For we love to consume the shit that we produce, disregarding originary natural production for an apparatus of our own shit. 
We permit our dreams to be recuperated, if we have any at all. The way the world is, is conceived to be the best of all possible worlds; the train puts this (quantitative, domesticated) quality in the tight light that it really is.

In the end, the train is derailed and the two last "hopes" of humanity, whom had created this reality for themselves via a bomb, leave the dirt that is train-civilization, and embark on a new reality, fully external, fully Outside (the train). It is not clear why fur coats would all of a sudden be sufficient in ridiculously cold temperatures, temperatures that had been earlier marked by dead snow-humyns that had once escaped; but perhaps death is better than this life...Perhaps there is an unspoken shift in reality that permits this move; perhaps, in a deeper register, these conditions are merely seemingly impossible and the entire point is allegorical. Clearly the explosion is not an act that destroys humanity (since two, perhaps more, survive). And since the avalanche wasn't intentional, the bomb exploding cannot be justifiably compared to the nihilism of Wilford, his revealed indifferent shrewd force as the man that runs the entire apparatus by way of a perpetual motion engine coupled to a young slave-child. The bomb is instead a persynal movement to shift ones' own reality, to create space Outside.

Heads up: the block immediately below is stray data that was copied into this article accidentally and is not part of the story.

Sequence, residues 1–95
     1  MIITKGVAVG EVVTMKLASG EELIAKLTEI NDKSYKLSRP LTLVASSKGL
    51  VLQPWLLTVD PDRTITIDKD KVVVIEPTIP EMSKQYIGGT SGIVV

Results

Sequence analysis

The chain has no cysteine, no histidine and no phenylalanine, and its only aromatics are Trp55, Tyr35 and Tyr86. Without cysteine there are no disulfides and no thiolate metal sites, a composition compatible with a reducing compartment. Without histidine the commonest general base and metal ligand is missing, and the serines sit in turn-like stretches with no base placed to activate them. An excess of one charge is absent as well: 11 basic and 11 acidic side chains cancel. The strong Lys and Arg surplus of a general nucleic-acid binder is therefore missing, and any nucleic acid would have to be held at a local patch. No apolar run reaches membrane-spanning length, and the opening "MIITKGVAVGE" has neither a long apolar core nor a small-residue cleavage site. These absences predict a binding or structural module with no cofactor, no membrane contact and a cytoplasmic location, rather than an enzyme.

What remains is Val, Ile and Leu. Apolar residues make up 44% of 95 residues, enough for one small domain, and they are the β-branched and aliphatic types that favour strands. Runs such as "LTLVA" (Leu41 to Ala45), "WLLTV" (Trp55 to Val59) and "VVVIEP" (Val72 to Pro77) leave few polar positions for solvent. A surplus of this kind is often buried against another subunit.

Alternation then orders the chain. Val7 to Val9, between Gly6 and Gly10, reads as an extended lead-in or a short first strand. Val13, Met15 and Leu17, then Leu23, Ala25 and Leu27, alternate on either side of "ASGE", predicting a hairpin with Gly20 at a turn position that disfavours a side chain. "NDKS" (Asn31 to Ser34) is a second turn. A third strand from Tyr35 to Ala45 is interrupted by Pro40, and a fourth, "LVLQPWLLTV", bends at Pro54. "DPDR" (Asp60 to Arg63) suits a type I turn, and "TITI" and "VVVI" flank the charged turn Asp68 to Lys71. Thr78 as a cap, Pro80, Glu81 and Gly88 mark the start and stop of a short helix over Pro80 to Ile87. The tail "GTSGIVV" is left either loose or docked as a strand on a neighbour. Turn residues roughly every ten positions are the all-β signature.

This escaping-act is also importantly passive in the sense that these are kronos-addicts, neither rulers nor slaves, middle class privilege-keepers with some kind of access, yet with just enough knowledge to see this entire world as fucked. Anti-social nihilism here stands in subtle contrast to ruling nihilisms. The final scene depicts two persyns taking action to improve their own being; and with no-one to stand on in such a move, because the world has been left behind, that is to say, the direct link of exploitation has been completely negated, one is free from the obligation of giving a shit about anyone else but oneself and ones' friends and free from a sense that there is a degree to which mutual aid is caught under the sign of reciprocal use-value.